It was said of a certain village "innocent" or fool in Scotland that if

he were offered a silver sixpence or copper penny he would invariably

choose the larger coin of smaller value. One day a stranger asked him:

"Why do you always take the penny? Don't you know the difference in


"Aye," answered the fool, "I ken the difference in value. But if I took

the saxpence they would never try
e again."

The Mrs. never misses

Any bargain sale,

For the female of the species

Is more thrifty than the male.

MCANDREWS (the chemist, at two A.M.)--"Two penn'orth of bicarbonate of

soda for indigestion at this time o' night, when a glass of hot water

does just as well!"

SANDY (hastily)--"Well, well! Thanks for the advice. I'll not bother ye,

after all. Gude nicht!"

The foreman and his crew of bridgemen were striving hard to make an

impression on the select board provided by Mrs. Rooney at her Arkansas

eating establishment.

"The old man sure made a funny deal down at Piney yesterday," observed

the foreman, with a wink at the man to his right.

"What'd he do?" asked the new man at the other end of the table.

"Well, a year or so ago there used to be a water tank there, but they

took down the tub and brought it up to Cabin Creek. The well went dry

and they covered it over. It was four or five feet round, ninety feet

deep, and plumb in the right of way. Didn't know what to do with it

until along comes an old lollypop yesterday and gives the Old Man five

dollars for it."

"Five dollars for what?" asked the new man.

"Well," continued the foreman, ignoring the interruption, "that old

lollypop borrowed two jacks from the trackmen and jacked her up out of

there and carried her home on wheels.'

"What'd he do with it?" persisted the new man.

"Say that old lollypop must've been a Yank. Nobody else could have

figured it out. The ground on his place is hard and he needed some more

fence. So he calc'lated 'twould be easier and cheaper to saw that old

well up into post-holes than 'twould be to dig 'em."

A certain workman, notorious for his sponging proclivities, met a friend

one morning, and opened the conversation by saying:

"Can ye len' us a match, John?"

John having supplied him with the match, the first speaker began to feel

his pockets ostentatiously, and then remarked dolefully, "Man, I seem to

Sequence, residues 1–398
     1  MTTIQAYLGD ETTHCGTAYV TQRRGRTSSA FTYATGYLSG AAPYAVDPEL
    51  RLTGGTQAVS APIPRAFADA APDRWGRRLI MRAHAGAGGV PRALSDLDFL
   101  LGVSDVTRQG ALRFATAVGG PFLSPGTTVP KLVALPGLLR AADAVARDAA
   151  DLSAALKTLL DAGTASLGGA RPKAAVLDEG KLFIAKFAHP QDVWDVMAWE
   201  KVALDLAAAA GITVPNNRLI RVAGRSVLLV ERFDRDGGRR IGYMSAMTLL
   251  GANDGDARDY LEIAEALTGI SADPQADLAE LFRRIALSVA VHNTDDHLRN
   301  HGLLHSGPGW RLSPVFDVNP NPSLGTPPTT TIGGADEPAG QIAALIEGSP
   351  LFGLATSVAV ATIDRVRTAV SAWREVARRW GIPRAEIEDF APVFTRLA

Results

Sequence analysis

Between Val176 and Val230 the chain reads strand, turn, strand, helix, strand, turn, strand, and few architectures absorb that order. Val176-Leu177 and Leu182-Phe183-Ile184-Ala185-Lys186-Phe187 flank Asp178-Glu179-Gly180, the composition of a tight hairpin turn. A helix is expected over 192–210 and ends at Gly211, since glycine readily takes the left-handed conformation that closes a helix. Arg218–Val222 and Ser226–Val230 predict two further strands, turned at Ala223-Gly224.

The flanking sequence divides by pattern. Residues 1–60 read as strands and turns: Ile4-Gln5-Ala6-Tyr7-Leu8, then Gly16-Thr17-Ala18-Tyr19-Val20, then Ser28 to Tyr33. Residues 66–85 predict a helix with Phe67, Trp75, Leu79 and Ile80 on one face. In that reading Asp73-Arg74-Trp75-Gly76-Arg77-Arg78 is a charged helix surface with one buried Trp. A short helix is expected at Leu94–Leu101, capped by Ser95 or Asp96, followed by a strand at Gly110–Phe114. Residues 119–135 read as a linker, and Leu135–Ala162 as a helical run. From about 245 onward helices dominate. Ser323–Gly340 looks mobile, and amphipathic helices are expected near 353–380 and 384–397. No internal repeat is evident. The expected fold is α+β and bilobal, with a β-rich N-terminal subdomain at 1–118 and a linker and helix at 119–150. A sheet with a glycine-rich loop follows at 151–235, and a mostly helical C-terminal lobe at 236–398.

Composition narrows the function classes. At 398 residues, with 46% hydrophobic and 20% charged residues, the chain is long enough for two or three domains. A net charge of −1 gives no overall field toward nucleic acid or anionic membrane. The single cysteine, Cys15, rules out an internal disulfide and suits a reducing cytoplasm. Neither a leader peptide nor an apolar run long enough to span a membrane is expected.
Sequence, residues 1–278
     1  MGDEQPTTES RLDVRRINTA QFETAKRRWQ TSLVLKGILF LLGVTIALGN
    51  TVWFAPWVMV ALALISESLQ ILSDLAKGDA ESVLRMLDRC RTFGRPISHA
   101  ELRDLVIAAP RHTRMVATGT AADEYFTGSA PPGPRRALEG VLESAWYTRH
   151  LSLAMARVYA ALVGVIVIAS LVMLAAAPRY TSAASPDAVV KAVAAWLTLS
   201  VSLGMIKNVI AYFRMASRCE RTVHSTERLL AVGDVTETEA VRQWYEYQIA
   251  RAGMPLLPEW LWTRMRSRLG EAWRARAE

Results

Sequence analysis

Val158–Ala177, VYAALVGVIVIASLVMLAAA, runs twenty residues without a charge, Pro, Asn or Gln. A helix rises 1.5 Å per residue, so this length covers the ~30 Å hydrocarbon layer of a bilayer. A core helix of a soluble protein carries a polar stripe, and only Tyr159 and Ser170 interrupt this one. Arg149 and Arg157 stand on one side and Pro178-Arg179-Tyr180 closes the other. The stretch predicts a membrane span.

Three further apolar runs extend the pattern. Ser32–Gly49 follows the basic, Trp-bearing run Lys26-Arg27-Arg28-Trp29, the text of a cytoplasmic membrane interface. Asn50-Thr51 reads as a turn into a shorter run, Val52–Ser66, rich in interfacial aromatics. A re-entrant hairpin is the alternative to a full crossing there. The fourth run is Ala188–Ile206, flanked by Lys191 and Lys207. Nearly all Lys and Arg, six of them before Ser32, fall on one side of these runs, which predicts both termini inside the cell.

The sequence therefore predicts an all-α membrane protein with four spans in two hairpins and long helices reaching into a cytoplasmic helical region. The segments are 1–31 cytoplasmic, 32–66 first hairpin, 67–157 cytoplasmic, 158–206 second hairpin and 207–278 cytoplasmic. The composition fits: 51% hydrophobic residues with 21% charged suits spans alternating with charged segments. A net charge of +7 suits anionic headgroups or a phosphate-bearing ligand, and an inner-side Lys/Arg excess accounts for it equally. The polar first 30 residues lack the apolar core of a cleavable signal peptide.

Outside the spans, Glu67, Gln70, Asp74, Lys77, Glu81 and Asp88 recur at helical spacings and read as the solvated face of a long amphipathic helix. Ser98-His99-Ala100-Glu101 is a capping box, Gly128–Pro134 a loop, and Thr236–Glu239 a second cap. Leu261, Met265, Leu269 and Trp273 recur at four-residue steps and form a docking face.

have left my tobacco pouch at hame."

John, however, was equal to the occasion, and holding out his hand,


"Aweel, ye'll no be needin' that match then."

A Highlander was summoned to the bedside of his dying father. When he

arrived the old man was fast nearing his end. For a while he remained

unconscious of his son's presence. Then at last the old man's eyes

opened, and he began to murmur. The son bent eagerly to listen.

"Dugald," whispered the parent, "Luckie Simpson owes me five shilling."

"Ay, man, ay," said the son eagerly.

"An" Dugal More owes me seven shillins."

"Ay," assented the son.

"An' Hamish McCraw owes me ten shillins."

"Sensible tae the last," muttered the delighted heir. "Sensible tae the


Once more the voice from the bed took up the tale.

"An', Dugald, I owe Calum Beg two pounds."

Dugald shook his head sadly.

"Wanderin' again, wanderin' again," he sighed. "It's a peety."

The canny Scot wandered into the pharmacy.

"I'm wanting threepenn'orth o' laudanum," he announced.

"What for?" asked the chemist suspiciously.

"For twopence," responded the Scot at once.

A Scotsman wishing to know his fate at once, telegraphed a proposal of

marriage to the lady of his choice. After spending the entire day at the

telegraph office he was finally rewarded late in the evening by an

affirmative answer.

"If I were you," suggested the operator when he delivered the message,

"I'd think twice before I'd marry a girl that kept me waiting all day

for my answer."

"Na, na," retorted the Scot. "The lass who waits for the night rates is

the lass for me."

"Well, yes," said Old Uncle Lazzenberry, who was intimately acquainted

with most of the happenstances of the village, "Almira Stang has broken

off her engagement with Charles Henry Tootwiler. They'd be goin'

together for about eight years, durin' which time she had been

inculcatin' into him, as you might call it, the beauties of economy;

but when she discovered, just lately, that he had learnt his lesson so

well that he had saved up two hundred and seventeen pairs of socks for

her to darn immediately after the wedding, she 'peared to conclude that

he had taken her advice a little too literally, and broke off the


They sat each at an extreme end of the horsehair sofa. They had been

courting now for something like two years, but the wide gap between had

always been respectfully preserved.

"A penny for your thochts, Sandy," murmured Maggie, after a silence of

an hour and a half.

"Weel," replied Sandy slowly, with surprising boldness, "tae tell ye the

truth, I was jist thinkin' how fine it wad be if ye were tae gie me a

wee bit kissie."

"I've nae objection," simpered Maggie, slithering over, and kissed him

plumply on the tip of his left ear.

Sandy relapsed into a brown study once more, and the clock ticked

twenty-seven minutes.

"An' what are ye thinkin' about noo--anither, eh?"

"Nae, nae, lassie; it's mair serious the noo."

"Is it, laddie?" asked Maggie softly. Her heart was going pit-a-pat with

expectation. "An' what micht it be?"

"I was jist thinkin'," answered Sandy, "that it was aboot time ye were

paying me that penny!"

The coward calls himself cautious, the miser thrifty.--_Syrus_.

There are but two ways of paying debt: increase of industry in raising

income, increase of thrift in laying out.--_Carlyle_.

_See also_ Economy; Saving.